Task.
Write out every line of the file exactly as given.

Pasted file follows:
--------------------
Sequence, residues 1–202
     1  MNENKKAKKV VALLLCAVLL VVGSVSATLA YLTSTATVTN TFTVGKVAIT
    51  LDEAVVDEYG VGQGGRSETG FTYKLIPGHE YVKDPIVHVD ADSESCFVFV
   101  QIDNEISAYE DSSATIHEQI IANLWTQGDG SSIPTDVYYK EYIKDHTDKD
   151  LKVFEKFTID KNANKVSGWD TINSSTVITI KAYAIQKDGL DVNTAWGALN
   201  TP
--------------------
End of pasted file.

Sequence, residues 1–202
     1  MNENKKAKKV VALLLCAVLL VVGSVSATLA YLTSTATVTN TFTVGKVAIT
    51  LDEAVVDEYG VGQGGRSETG FTYKLIPGHE YVKDPIVHVD ADSESCFVFV
   101  QIDNEISAYE DSSATIHEQI IANLWTQGDG SSIPTDVYYK EYIKDHTDKD
   151  LKVFEKFTID KNANKVSGWD TINSSTVITI KAYAIQKDGL DVNTAWGALN
   201  TP